An empirical investigation of the nature of management development with particular emphasis on the influence of learning styles on the levels of accumulated managerial tacit knowledge in the Malaysian Public Service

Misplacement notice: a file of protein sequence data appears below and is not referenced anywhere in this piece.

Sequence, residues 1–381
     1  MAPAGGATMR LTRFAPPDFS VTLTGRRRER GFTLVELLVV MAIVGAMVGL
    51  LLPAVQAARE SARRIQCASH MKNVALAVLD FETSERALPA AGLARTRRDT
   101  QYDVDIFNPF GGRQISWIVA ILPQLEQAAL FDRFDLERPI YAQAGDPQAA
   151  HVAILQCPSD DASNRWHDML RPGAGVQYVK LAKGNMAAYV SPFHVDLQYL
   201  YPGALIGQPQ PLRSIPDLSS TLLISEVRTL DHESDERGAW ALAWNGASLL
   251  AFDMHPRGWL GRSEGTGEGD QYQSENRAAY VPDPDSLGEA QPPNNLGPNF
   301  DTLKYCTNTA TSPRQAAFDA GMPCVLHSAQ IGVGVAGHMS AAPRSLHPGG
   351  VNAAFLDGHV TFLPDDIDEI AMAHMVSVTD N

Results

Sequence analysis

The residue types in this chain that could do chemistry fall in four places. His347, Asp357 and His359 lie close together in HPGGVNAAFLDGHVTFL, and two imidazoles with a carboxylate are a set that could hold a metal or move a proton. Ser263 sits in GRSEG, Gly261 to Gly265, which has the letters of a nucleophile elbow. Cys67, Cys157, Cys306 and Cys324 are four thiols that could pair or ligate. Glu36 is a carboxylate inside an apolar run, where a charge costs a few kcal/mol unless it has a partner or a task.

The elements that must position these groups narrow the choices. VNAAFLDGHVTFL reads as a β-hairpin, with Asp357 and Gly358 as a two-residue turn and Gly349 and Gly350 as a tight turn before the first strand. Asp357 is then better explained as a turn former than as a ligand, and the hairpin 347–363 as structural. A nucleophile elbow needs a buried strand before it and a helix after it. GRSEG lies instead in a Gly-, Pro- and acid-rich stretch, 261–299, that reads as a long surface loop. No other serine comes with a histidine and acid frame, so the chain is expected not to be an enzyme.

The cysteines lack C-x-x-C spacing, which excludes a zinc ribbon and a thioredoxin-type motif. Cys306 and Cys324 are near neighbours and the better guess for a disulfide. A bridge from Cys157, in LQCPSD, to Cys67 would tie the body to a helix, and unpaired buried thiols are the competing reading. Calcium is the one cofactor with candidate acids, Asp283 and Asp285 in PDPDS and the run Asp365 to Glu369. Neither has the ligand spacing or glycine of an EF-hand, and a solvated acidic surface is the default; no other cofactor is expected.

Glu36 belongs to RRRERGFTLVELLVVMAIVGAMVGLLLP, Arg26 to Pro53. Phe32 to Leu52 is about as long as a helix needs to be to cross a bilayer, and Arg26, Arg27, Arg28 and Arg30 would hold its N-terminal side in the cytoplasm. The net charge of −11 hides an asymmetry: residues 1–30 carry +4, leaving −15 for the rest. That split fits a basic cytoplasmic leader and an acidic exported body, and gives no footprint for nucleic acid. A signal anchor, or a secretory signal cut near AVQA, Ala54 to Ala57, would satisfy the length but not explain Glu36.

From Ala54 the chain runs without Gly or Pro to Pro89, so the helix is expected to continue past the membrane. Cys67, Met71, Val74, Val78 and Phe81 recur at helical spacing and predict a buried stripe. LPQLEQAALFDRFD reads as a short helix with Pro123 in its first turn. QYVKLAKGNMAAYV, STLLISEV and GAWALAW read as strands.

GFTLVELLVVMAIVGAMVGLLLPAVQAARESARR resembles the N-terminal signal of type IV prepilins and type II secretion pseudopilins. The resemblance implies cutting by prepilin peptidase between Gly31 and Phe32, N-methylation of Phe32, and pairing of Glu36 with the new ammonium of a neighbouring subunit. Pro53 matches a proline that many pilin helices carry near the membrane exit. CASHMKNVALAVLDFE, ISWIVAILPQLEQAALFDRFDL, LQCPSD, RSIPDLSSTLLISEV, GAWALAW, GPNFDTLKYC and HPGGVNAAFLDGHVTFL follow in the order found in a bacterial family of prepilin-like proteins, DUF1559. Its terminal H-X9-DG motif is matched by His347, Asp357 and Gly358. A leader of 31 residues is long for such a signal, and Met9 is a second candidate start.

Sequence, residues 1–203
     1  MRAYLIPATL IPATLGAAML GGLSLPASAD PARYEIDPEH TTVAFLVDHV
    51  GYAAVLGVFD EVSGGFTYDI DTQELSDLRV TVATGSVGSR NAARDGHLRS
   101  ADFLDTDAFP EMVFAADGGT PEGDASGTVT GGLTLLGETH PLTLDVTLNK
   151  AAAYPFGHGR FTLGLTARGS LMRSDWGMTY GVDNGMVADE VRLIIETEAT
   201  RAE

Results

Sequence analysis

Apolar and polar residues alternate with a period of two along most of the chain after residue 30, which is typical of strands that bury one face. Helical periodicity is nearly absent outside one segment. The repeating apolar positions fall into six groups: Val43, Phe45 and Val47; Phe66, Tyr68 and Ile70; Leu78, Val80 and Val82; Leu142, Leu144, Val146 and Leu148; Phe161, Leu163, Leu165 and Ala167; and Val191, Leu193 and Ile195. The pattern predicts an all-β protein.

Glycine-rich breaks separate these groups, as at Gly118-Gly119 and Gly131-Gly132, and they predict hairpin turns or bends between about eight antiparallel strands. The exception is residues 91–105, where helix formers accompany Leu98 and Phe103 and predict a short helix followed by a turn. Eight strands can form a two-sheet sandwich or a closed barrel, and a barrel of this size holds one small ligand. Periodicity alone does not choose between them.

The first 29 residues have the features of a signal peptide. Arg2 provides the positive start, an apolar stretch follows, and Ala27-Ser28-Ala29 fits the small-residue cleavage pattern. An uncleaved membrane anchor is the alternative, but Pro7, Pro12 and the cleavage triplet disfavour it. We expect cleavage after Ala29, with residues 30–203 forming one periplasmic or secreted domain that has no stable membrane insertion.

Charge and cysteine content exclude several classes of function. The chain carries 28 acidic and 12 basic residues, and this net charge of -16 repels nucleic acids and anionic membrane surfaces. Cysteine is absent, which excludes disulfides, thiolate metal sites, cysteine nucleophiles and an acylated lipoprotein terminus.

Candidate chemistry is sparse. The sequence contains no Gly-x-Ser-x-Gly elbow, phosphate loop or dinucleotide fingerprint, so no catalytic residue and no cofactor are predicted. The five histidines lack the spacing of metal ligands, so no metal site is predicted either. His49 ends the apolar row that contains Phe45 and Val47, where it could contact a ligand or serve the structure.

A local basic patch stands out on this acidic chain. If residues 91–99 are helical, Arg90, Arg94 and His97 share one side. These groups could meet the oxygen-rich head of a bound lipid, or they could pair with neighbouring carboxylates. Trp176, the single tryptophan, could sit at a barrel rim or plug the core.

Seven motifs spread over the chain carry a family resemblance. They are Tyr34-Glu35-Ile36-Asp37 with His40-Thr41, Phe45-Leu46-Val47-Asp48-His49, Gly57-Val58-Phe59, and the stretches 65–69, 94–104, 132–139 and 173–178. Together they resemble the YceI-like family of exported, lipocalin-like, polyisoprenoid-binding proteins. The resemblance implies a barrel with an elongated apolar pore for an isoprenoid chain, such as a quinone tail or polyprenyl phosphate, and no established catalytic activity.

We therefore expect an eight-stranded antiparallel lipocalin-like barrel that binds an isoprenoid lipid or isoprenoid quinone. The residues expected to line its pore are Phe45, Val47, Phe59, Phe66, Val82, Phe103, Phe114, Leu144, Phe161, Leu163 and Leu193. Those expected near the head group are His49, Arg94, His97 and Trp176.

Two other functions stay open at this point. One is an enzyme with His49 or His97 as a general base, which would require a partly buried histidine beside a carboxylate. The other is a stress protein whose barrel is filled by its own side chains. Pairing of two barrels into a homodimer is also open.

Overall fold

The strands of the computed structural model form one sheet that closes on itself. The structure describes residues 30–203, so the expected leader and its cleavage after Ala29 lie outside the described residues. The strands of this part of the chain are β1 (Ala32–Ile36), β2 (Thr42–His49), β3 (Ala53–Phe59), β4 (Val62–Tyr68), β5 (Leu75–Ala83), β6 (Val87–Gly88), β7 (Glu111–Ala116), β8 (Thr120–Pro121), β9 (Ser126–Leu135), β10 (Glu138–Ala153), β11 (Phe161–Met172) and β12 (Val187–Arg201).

This study explored the broad learning patterns associated with the acquisition of managerial tacit knowledge. The study then proceeded to examine whether levels of accumulated managerial tacit knowledge (LAMTK) may be associated with managers' learning styles and/or the extent to which a person's style is consonant with the context of their work environment. The possibility that deliberate learning strategies normally associated with formal rather than informal learning would be unrelated to LAMTK was also examined. The research employed a cross-sectional, mixed-method approach incorporating both qualitative interview and survey data collection. For the qualitative element, interviews were conducted with 14 public sector managers based on a method developed by Nestor-Baker (1999). For the quantitative element, survey data were collected from 356 public sector managers attending management development training courses at the Malaysian National Institute of Public Administration. Respondents completed a questionnaire designed to measure tacit knowledge based on Stemberg et al's (2000) Tacit Knowledge Inventory for Managers, learning styles based on Geiger et al's (1993) normative version of Kolb's Learning Style Inventory, learning strategy based on Warr & Downing's (2000) Learning Strategies Questionnaire, and a range of other self developed items. The interviews revealed that most managers were unaware of the learning associated with the acquisition of tacit knowledge, as it occurs in an unplanned and unintentional manner. Several adult learning principles such as reflection and learning from experience emerged from the analyses. While learning styles were found to be significant in predicting LAMTK, a rather surprising finding was that learning strategies, believed to be associated with declarative as opposed to tacit knowledge, were also related to LAMTK. Based on these findings it was concluded that the process of tacit knowledge acquisition involves the interaction of learning that takes place in both formal and informal settings. Outcomes of the research suggest that in management development initiatives, formal approaches should be blended with informal approaches in order to achieve effective learning.